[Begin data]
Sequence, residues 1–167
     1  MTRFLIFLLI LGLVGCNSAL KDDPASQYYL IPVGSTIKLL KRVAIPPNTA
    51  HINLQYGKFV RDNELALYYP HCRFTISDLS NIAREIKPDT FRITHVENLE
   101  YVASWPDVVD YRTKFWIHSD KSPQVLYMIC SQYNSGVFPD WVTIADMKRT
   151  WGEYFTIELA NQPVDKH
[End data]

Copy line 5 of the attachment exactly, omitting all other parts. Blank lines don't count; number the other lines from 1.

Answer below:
   151  WGEYFTIELA NQPVDKH